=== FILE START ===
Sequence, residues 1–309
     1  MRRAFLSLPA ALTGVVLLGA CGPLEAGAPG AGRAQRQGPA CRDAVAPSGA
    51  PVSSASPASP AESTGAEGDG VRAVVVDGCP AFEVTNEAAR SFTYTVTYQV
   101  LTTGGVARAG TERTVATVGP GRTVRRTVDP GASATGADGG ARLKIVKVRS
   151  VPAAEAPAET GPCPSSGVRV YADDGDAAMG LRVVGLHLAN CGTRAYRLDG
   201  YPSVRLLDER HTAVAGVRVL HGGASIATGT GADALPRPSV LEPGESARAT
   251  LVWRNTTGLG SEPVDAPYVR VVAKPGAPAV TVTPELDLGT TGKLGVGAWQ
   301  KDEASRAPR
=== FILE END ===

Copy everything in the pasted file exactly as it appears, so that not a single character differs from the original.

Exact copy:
Sequence, residues 1–309
     1  MRRAFLSLPA ALTGVVLLGA CGPLEAGAPG AGRAQRQGPA CRDAVAPSGA
    51  PVSSASPASP AESTGAEGDG VRAVVVDGCP AFEVTNEAAR SFTYTVTYQV
   101  LTTGGVARAG TERTVATVGP GRTVRRTVDP GASATGADGG ARLKIVKVRS
   151  VPAAEAPAET GPCPSSGVRV YADDGDAAMG LRVVGLHLAN CGTRAYRLDG
   201  YPSVRLLDER HTAVAGVRVL HGGASIATGT GADALPRPSV LEPGESARAT
   251  LVWRNTTGLG SEPVDAPYVR VVAKPGAPAV TVTPELDLGT TGKLGVGAWQ
   301  KDEASRAPR